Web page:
Getting to know you: John Kaldi, AAPG’s vice president-Regions, was just one of the participants in the Meet-N-Greet session held in Cartagena before the ICE opening session.
This year AAPG’s International Conference and Exhibition returned to Latin America, but set for the first time in Colombia – and a perfect phrase to describe the Cartagena meeting is that it featured a “massive and passionate participation of young people.”
In fact, an unprecedented number of activities for Young Professionals and students proved to be a huge success, delivering an unforgettable conference experience to both groups.
Here is the summary of the main activities carried out during ICE:
The ICE Meet-N-Greet took place in room packed by 200-plus participants (the largest group ever) and more than 40 professionals (mentors), including big names in the oil and gas industry.
The event started with welcomes from AAPG President Lee Krystinik, ICE general chair Victor Vega, AAPG Latin America Region president Víctor Ramirez, AAPG member services manager Vickie Beighle and yours truly.
YPs, students and mentors actively interacted during the hour-long event, sharing experiences on topics such as professional growth and employment opportunities while enjoying refreshments and t-shirts provided by event sponsor Shell.
Attendees also learned about the ICE Networking Challenge – and most participated enthusiastically throughout the week.
Art of Interviewing and Career Path.
This activity was featured for the first time at an ICE, facilitated by Regional IBA lead Carlos Santacruz, Latin America Region past president Miguel Ramírez, student liaison Ignacio Iregui and, once again, yours truly.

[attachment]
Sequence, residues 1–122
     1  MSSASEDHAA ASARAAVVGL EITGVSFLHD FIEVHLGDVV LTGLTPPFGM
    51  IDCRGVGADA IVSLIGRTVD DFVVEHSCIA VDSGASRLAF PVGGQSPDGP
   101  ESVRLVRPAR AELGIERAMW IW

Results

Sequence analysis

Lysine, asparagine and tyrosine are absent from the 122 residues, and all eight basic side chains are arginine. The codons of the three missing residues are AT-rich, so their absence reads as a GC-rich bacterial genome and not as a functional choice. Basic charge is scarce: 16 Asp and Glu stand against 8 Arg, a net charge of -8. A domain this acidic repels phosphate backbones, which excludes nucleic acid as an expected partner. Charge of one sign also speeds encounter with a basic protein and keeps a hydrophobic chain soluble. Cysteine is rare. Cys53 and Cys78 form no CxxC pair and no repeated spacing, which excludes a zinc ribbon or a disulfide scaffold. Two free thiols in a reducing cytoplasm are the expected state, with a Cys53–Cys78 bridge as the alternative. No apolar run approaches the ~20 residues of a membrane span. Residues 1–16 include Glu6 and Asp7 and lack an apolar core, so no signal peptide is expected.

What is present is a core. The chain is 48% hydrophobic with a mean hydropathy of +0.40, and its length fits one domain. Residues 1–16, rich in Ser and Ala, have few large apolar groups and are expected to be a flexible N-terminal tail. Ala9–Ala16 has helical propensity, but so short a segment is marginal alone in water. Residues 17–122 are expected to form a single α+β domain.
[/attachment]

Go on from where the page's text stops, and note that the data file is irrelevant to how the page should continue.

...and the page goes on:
The event in some ways resembled the Meet-N-Greet, and even involved most of the same mentors, including past AAPG presidents Paul Weimer and Scott Tinker and Javier Gutierrez, among others.
However, the session also targeted geoscience students and featured a “speed dating” format in which mentors spent 10 minutes per table, rotating frequently to be able to speak with as many people as possible.
The original event was limited to 100 people, but more than 200 individuals attended, and all were allowed to participate.
Throughout the session, students and YPs (of which there were at least one per table) asked mentors questions about their career plans and how recruiters hire people in the real world.
The Student Chapter Leadership Summit (SCLS).
This was a last-minute addition to the ICE program, but like the other YP/student-oriented activities it was packed with attendees. More than 60 students representing 15 student chapters from throughout Latin America attended the event led by AAPG secretary, and former Student Chapter Committee chair Richard Ball.
The organizers used both games and lectures to address leadership dynamics, career planning and guidance for creating and maintaining AAPG Student Chapters – and SCLS participants appreciated having a leadership activity designed specifically for them.
Following a popular ICE tradition, the ICE student reception was held the last night of the conference. AAPG and Latin America Region leadership attended the event, and reception organizers presented awards to the winners of the ICE Networking Challenge, as well as for the best poster and oral presentation in the student category.
Food and beverages were provided by sponsor ExxonMobil.
Undoubtedly, the impact of this ICE on a generation of young geoscientists will be far-reaching. The excitement surrounding the Cartagena meeting and increased attention from the Region on the value of belonging to AAPG have resulted in renewed interest in AAPG activities from YPs and students.
Post-ICE, taking advantage of this momentum is the main strategy for keeping YP and student initiatives on track. Increased activity from both YPs and students led to the decision to split the YP/Student liaison role into two separate positions, and to create more local YP chapters (see diagram).
With continued commitment to YP and student programs, the future of the AAPG in Latin America looks very promising.